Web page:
Narelle Graham: Without too much further ado, the Turnbull Government’s Education Minister Simon Birmingham is in day two of a visit to regional South Australia today. The Minister was in Port Lincoln yesterday, today it was Port Augusta and Whyalla that were on the itinerary and the visit coincides with a report that the Government could rake in half a billion dollars a year by reducing repayment thresholds for HECS loans to an income of $42,000 a year.

Minister Simon Birmingham, welcome.

Simon Birmingham: G’day Narelle, it’s great to be with you.

Narelle Graham: Thanks for your time, I’m mindful that you do have a plane to catch and I trust that the visit went well so I’ll give you a chance to talk about it but I think the news of the moment is this repayment of student loans. How likely is this reduction in the repayment threshold from an income of $54,000 a year to $42,000?

Simon Birmingham: Narelle, we’ve seen over the recent years that the cost of funding university education and higher education has grown at about twice the rate as the economy, which is obviously not a sustainable cost for federal taxpayers to continue to bear. We’ve also seen an increase in the amount of debt under our HECS or HELP system that’s not being repaid or estimated not to be repaid going up. So there are a couple of factors there that do mean there are real pressures on the Federal Budget which I’m sure all of your listeners appreciate, and still have the deficit so we have real challenges to address and [indistinct] there. So what we are looking at is what type of measures can be fairly and reasonably applied to ensure that we make more sustainable higher education and university funding in the future so we maintain the capacity for universities to take large numbers of students in but what it is what we can do to make sure that that is not a continued increasing drain on the Federal Budget. So what I’ve said there is I am open to looking at all measures, our student loan scheme in Australia is one of the most generous in the world, students of course don’t have to pay a single cent upfront to go to university, they don’t have to repay until they reach a reasonable income, they then only have their debt indexed at inflation, rather than any real cost of debt and they repay quite gradually, so there are…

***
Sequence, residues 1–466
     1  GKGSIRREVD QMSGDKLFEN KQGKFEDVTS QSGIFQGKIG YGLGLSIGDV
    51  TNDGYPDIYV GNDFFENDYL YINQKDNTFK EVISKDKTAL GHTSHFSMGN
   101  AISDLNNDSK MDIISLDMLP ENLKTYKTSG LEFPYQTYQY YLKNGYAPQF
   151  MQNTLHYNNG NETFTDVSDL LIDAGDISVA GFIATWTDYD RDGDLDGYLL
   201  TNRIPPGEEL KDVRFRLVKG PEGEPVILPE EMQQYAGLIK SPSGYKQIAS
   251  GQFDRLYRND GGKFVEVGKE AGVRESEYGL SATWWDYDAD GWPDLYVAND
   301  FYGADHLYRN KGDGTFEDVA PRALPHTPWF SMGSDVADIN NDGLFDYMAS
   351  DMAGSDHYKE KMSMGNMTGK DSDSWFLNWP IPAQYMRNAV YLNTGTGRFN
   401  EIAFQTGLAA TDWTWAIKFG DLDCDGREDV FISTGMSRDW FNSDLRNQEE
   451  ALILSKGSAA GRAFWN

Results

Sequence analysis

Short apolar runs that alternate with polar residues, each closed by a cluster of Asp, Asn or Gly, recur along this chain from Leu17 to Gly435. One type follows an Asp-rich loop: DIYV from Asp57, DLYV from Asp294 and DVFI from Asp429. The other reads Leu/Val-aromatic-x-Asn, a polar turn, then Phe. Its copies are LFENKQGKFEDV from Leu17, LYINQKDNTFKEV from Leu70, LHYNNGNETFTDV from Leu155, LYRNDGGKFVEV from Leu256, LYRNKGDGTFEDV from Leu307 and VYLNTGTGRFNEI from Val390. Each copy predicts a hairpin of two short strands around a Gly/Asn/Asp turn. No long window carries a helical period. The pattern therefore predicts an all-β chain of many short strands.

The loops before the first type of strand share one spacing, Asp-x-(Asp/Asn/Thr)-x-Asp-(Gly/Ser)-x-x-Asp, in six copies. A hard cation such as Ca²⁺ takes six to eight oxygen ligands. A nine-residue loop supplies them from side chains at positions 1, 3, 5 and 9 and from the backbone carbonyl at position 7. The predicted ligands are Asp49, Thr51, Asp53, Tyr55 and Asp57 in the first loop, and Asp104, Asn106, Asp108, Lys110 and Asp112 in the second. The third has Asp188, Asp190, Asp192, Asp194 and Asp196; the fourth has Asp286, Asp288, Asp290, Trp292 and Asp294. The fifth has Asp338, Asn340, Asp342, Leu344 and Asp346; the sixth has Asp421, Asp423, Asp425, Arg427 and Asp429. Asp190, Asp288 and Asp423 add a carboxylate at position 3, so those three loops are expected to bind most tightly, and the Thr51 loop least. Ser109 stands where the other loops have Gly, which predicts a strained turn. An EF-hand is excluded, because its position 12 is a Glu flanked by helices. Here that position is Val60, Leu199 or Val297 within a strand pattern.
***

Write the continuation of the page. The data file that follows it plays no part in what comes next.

Narelle Graham: [Interrupts] $42,000 though, seems like a low threshold Minister. That’s quite a jump, that’s $12,000 from a previous threshold of 54,000 before you have to start repaying to 42,000. The average wage is around 70,000. Is it an attempt to discourage young people from going to uni?

Simon Birmingham: Well certainly not and university students on average enjoy a much higher wage over their career than non-university graduates. So there is still, whatever happens, a very strong incentive for university, for people to go to university and of course we are talking about figures there that are well above minimum wage and we’re talking about if anything were to occur, repayment rates that are relatively modest in terms of the actual costs of individuals.

Narelle Graham: That’s the idea of going to university isn’t it? That you would be earning more than the minimum wage. How much of their income would people be expected to repay?

Simon Birmingham: Well now that’s getting a little ahead of it, I should emphasise that the report that we’re talking about here are not government reports, they’re reports that have come from the Grattan Institute, one of the leading think tanks of public policy analysts in relation to high education.

Narelle Graham: Okay.